Sourland : Stories
A gripping and moving new collection of stories that reimagines the meaning of loss--through often unexpected and violent means. Joyce Carol Oates is not only one of our most important novelists and literary critics, she is also an unparalleled master of the short story. "Sourland"--sixteen previously uncollected stories that explore how the power of violence, loss, and grief shape both the psyche and the soul--shows us an author work-ing at the height of her powers. With lapidary precision and an unflinching eye, Oates maps the surprising contours of "ordinary" life. From a desperate man who dons a jack-o'-lantern head as a prelude to a most curious sort of courtship, to a "story of a stabbing" many times recounted in the life of a lonely girl; from a beguiling young woman librarian whose amputee state attracts a married man and father, to a girl hopelessly in love with her renegade, incarcerated cousin; from a professor's wife who finds herself tragically isolated at a party in her own house, to the concluding title story of an unexpectedly redemptive love rooted in radical aloneness and isolation, each story in "Sourland" resonates beautifully with Oates's trademark fascination for the unpredictable amid the prosaic--the comming-ling of sexual love and violence, the tumult of family life--and shines with her predilection for dark humor and her gift for voice.
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- Hardback | 384 pages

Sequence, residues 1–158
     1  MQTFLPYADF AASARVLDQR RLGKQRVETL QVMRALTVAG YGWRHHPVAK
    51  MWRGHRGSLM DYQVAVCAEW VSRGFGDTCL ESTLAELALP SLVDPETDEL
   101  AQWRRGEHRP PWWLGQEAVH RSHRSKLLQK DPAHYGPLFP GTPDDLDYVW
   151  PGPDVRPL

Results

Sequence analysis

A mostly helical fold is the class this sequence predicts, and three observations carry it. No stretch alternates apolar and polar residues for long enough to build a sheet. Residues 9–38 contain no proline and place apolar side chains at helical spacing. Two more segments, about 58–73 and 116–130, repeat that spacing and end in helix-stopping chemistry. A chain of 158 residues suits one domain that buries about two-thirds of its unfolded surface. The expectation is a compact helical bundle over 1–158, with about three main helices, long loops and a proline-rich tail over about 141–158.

- 152.4 x 228.6 x 33.02mm | 544.31g
- 01 Oct 2010
- HarperCollins Publishers Inc
- Ecco Press
- Hopewell, United States
"A master class in the art of pure, suspenseful storytelling...Oates is a dangerous writer in the best sense of the word, one who takes risks almost obsessively with energy and relish... [a] dazzling collection."--New York Times
About Joyce Carol Oates
Joyce Carol Oates is a recipient of the National Book Award and the PEN/Malamud Award for Excellence in Short Fiction. She has written some of the most enduring fiction of our time, including the national bestsellers We Were the Mulvaneys, Blonde, which was nominated for the National Book Award, and the New York Times bestseller The Falls, which won the 2005 Prix Femina. She is the Roger S. Berlind Distinguished Professor of the Humanities at Princeton University and has been a member of the American Academy of Arts and Letters since 1978. In 2003 she received the Common Wealth Award for Distinguished Service in Literature, and in 2006 she received the Chicago Tribune Lifetime Achievement Award.